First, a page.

Tiryns is an archaeological site located in the Peloponnese in the modern village of Tirintha, just 3 km north of the city of Nafplio. It dates back to the Neolithic Era, but the ruins we see there today are of the Mycenaean palace complex built in the second millennium BCE. Tiryns was near other important Mycenaean cities. Argos was 8 km to the northwest and Mycenae was 15 km to the north. According to legend, the hero Hercules (Herakles) was given 12 labors to complete by Eurystheus, the king of Tiryns, although some ancient texts call him king of Argos.
In his Iliad, Homer called the place “high-walled Tiryns.” The walls at the site are an example of “cyclopean masonry,” due to the stories told in the past that those types of walls must have been built by the Cyclopes because no human was strong enough to lift the large stones which went into them. However, when the ancient Greek travel writer Pausanias visited Tiryns in the 2nd century CE, he reported that “nothing is left of the ruins except the wall.” That is still the case today.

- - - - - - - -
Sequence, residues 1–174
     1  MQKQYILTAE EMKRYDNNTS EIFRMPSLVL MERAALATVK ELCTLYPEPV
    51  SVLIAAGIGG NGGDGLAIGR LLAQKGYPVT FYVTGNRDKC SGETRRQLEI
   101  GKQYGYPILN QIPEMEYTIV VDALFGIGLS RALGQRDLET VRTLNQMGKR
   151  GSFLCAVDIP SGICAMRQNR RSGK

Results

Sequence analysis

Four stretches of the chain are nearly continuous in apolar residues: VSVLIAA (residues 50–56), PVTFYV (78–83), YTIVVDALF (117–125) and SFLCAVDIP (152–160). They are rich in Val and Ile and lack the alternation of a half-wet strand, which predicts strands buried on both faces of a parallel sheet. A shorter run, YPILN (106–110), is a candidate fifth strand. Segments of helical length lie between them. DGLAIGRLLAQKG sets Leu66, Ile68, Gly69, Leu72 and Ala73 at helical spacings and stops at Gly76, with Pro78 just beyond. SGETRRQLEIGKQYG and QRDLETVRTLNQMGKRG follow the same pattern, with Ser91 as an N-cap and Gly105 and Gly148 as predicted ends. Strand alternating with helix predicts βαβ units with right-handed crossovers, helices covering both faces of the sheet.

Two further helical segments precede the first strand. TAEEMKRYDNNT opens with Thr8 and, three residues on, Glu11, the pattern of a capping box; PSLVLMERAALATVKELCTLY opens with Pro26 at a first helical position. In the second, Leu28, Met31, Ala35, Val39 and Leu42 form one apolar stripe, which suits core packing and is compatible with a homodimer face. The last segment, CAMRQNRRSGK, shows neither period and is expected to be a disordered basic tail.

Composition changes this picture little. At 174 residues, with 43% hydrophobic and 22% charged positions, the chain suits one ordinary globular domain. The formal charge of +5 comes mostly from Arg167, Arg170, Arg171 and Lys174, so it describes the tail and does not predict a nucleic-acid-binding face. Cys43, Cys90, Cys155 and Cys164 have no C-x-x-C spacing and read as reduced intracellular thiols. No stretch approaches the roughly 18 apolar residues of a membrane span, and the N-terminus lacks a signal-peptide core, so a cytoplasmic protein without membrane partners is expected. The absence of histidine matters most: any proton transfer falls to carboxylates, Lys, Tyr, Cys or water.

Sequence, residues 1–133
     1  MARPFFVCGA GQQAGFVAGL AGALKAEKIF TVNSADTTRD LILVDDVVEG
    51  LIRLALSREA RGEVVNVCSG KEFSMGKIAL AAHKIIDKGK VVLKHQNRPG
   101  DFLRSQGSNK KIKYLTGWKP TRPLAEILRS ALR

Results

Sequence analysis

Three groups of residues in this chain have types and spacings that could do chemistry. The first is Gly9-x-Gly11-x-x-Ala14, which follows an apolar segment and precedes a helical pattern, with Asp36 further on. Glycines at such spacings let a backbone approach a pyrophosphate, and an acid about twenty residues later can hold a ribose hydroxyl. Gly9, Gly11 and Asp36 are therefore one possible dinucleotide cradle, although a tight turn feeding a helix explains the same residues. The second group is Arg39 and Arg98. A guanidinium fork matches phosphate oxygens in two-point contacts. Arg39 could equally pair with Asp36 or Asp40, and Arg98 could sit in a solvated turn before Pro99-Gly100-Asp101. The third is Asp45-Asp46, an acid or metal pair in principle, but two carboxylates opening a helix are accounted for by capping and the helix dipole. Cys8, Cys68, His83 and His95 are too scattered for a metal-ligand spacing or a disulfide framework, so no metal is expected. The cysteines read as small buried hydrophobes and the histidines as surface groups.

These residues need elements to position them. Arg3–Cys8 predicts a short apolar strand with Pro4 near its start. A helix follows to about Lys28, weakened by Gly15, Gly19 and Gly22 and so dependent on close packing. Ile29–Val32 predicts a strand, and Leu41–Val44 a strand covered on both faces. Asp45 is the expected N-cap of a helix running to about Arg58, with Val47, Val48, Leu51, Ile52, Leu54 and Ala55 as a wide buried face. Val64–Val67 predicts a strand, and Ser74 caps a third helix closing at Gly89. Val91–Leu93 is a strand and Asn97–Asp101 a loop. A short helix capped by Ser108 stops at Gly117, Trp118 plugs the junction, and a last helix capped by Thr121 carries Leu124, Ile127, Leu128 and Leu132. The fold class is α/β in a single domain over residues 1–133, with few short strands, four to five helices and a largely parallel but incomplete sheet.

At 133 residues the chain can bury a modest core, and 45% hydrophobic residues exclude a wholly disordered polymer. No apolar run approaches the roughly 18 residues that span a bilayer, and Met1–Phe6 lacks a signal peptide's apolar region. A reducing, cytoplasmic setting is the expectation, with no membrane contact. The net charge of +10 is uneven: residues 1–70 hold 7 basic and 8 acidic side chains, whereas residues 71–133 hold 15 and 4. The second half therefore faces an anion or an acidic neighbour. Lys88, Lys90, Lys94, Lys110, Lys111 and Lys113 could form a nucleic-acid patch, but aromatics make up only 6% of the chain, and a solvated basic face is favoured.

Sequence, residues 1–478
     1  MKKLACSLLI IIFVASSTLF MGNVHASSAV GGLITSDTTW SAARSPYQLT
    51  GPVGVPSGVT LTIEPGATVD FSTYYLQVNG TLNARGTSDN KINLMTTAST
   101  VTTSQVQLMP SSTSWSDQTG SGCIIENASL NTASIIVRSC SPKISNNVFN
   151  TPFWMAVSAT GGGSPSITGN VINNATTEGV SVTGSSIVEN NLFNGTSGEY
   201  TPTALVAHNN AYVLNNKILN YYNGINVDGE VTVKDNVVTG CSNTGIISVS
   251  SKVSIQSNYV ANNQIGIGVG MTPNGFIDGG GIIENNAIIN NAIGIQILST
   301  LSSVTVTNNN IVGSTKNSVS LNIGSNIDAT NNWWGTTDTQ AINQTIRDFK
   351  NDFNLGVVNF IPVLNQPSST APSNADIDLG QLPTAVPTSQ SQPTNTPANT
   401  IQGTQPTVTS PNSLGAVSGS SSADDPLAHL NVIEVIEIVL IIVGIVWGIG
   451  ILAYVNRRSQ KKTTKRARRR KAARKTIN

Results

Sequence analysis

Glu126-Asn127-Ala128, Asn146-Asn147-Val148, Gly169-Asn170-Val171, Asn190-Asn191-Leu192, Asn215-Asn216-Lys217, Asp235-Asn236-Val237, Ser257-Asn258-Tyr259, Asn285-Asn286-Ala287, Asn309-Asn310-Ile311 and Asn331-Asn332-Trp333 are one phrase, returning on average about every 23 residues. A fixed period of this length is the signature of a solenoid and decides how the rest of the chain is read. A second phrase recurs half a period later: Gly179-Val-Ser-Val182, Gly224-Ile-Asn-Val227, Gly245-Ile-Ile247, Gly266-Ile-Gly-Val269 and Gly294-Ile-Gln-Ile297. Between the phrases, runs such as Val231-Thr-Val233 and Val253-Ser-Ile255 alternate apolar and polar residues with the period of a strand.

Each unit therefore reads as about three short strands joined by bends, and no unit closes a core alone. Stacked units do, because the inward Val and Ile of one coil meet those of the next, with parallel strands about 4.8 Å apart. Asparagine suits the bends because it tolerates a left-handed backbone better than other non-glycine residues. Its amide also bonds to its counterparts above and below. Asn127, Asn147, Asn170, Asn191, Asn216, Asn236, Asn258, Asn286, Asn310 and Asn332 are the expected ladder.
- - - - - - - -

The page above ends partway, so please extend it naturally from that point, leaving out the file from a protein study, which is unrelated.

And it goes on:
Like at Mycenae, there is also a tunnel here through one of the Cyclopean walls.
Within the walls, one can still see the foundations of some of the wall separating the rooms within the palace complex. The great hall (megaron) of the palace can also be identified from its wide floor space. According to legend, it was in this hall that Hercules brought the giant, wild Erymanthian Boar after completing his fourth labor by capturing it and bringing it to King Eurystheus, who was so scared of it that he jumped into a storage jar to hide from it.
Some finds from the palace complex at Tiryns are on display at the National Archaeological Museum of Athens, including the base of the throne from the megaron and some wall paintings. There is also a model of the ruins.
Tips for the Visitor
There are buses which run from Nafplio to Argos and ancient Mycenae to accommodate the day-tripping ambitions of the many tourists staying in Nafplio. Those buses will stop at the ruins of Tiryns just after leaving Nafplio or just before entering Nafplio. Alternatively, you could walk the 4 km from the center of Nafplio to the site.